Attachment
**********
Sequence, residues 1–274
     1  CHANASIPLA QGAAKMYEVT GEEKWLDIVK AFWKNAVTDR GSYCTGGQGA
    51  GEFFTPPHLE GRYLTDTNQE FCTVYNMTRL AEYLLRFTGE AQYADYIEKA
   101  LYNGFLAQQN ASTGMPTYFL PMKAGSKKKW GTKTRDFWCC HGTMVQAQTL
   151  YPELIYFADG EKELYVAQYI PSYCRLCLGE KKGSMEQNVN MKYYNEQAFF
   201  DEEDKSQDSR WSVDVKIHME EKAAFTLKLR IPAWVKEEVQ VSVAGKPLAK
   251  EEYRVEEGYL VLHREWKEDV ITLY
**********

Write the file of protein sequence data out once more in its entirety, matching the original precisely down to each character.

Sequence, residues 1–274
     1  CHANASIPLA QGAAKMYEVT GEEKWLDIVK AFWKNAVTDR GSYCTGGQGA
    51  GEFFTPPHLE GRYLTDTNQE FCTVYNMTRL AEYLLRFTGE AQYADYIEKA
   101  LYNGFLAQQN ASTGMPTYFL PMKAGSKKKW GTKTRDFWCC HGTMVQAQTL
   151  YPELIYFADG EKELYVAQYI PSYCRLCLGE KKGSMEQNVN MKYYNEQAFF
   201  DEEDKSQDSR WSVDVKIHME EKAAFTLKLR IPAWVKEEVQ VSVAGKPLAK
   251  EEYRVEEGYL VLHREWKEDV ITLY